Why Are HPV Vaccination Rates So Low?

Apr 25, 2017

HPV infections are leading to an increasing number of cancers in both men and women. There’s a vaccine that can address that, but most people in Virginia aren’t getting it. In fact, compliance rates for HPV vaccination are so low here and throughout the U.S., that the National Cancer Institute-designated Cancer Centers call it “a serious public health threat.” WMRA’s Emily Richardson-Lorente has the story.

HPV — the Human Papilloma Virus — is a wickedly common sexually transmitted virus; more than four out of five of us will be infected with it at some point, most without ever knowing it or showing any symptoms. But for an increasing number of Americans — about 31,500 each year — a lingering HPV infection will eventually lead to cancer. And not just any cancer — the cringe-inducing cancers: cervical, vaginal, penile, anal. Plus, increasingly, cancers in the throat, transmitted through oral sex. The good news is that there is a childhood vaccine that’s remarkably effective in preventing these cancers in adulthood. The bad news is that lots of kids aren’t getting it.

JESSICA KEIM-MALPASS, PhD, RN: It’s incredibly easy to opt out.

That’s Jessica Keim-Malpass, an Oncology Nurse and Assistant Professor of Nursing at the University of Virginia. She’s been studying HPV vaccination compliance in the state for a few years now.

KEIM-MALPASS: I became really interested in this vaccine and this issue in particular because we have been doing just a very poor job of getting our kids vaccinated.

Virginia was actually ahead of the curve when the HPV vaccine was released in 2006. We were, in fact, the FIRST state to make the three-shot vaccine mandatory for 6th-grade girls. But in the decade since then, our vaccination rate has fallen behind 31 other states. As of 2015, only about one-third of Virginia kids were getting fully vaccinated by age 18.

KEIM-MALPASS: Many people say, “What good is having a mandate when it's essentially so easy to get out of it? It doesn't even really do its job.”

In fact, state law says parents can opt out at their 'sole discretion' … no paperwork required.  But WHY do so many parents opt out? Keim-Malpass says some parents are just uncomfortable with the idea of vaccinating their little girl or boy against HPV.

KEIM-MALPASS: Parents assumed that because this vaccine is targeted to HPV, which is in fact, a sexually transmitted infection, it may promote sexual debut.

'Sexual debut' may not be a term you or I have ever used, but you get what she’s saying, right? It’s oogy to think about this stuff with your 11-year old. But research has shown that vaccination does not lead to sexual debut.

KEIM-MALPASS: The whole reason that the vaccine works is that we are targeting boys and girls before they have sexual encounters and we know that it works better when we get them at that young age.

In fact, children ages 11 to 14 react so well to the vaccine, that the CDC recently reduced the number of shots required at those ages from three to just two. Of course, for some parents, the number of shots is a moot point, because they just don’t trust vaccines. To which Keim-Malpass says:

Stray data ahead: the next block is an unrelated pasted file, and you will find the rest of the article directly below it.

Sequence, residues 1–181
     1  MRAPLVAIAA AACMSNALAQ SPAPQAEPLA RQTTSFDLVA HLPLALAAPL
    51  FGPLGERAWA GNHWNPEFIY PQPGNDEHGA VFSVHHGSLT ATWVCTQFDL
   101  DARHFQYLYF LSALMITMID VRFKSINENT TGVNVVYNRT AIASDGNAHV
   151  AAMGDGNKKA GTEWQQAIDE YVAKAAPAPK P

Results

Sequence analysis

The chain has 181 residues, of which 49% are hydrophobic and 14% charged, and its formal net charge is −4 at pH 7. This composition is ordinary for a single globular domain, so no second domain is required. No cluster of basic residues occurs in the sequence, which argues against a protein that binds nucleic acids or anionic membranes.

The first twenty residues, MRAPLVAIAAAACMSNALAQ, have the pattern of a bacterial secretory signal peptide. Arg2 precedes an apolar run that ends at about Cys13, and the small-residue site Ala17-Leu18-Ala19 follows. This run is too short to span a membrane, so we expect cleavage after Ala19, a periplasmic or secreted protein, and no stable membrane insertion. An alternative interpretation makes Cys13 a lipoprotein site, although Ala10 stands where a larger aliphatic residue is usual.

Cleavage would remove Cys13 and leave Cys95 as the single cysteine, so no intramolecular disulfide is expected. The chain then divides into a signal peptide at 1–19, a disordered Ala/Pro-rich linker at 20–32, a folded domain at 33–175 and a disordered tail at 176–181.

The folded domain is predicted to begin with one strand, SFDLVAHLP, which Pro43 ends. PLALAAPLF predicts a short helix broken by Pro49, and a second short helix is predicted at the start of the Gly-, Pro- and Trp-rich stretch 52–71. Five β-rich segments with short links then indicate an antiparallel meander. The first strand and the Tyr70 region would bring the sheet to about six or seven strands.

KEIM-MALPASS: Now that the vaccine has been out for ten years, we know that it's really effective at preventing devastating cancers and we know that it's safe.

Vaccine skepticism and parental squeamishness may not be easy obstacles to overcome, but Keim-Malpass identified one change that could make a BIG difference: the doctor’s delivery.

KEIM-MALPASS: If the provider has hesitation about the recommendation, then we know that that leads to hesitation on the parent end as well.


DR. WONG: Hi Madeline, how are you?

MADELINE: I’m fine.

That’s Charlottesville pediatrician Emily Wong.

EMILY WONG, MD: We have found in our own office that when we gave a better recommendation, there was a lot better uptake of the vaccine than we had expected.

A year ago, Dr. Wong and her colleagues realized they were presenting the TDAp and meningococcal vaccines as mandatory to parents of 6th graders, and the HPV vaccine as effectively optional — because, after all, skipping the vaccine wouldn’t bar their kids from school. 

WONG: And when we presented it like that, well no one would choose the optional vaccine, and when we think about what we’re trying to prevent, I think that’s the most important thing that we recognize that we’re trying to prevent cancer, and there are very few things that we have to prevent cancer.

Initially, the CDC recommended the HPV vaccine only for girls — primarily to prevent cervical cancer, which kills about 4,200 women a year in the U.S.; boys weren’t added to the CDC’s recommendation until 5 years later. 

WONG: In the beginning, they thought, 'Oh, we're just vaccinating the boys because we're trying to protect the girls,' but now that we realize there is a growing number of oropharyngeal cancer in males …

Those are cancers in the throat, at the base of the tongue or the tonsil.

WONG: … parents of boys have become more receptive as well.

EMILY: And you trust the HPV vaccine?

WONG: Yes, I've had it administered to my own child.


DR. WONG: Alright, Madeline, well, t’s been 15 minutes since your shot. How are you feeling?

MADELINE: I feel alright.

DR. WONG: Okay, great, well you’re free to go then. And just remember that you need to have a 2nd shot after six months, alright?

MADELINE: Alright.

If every child received their HPV vaccination on schedule, that could prevent up to 90% of HPV-related cancers down the road, according to the American Cancer Society. That’s an awful lot of adults who won’t get cancer, and won’t have to wonder if a childhood vaccine could have prevented it.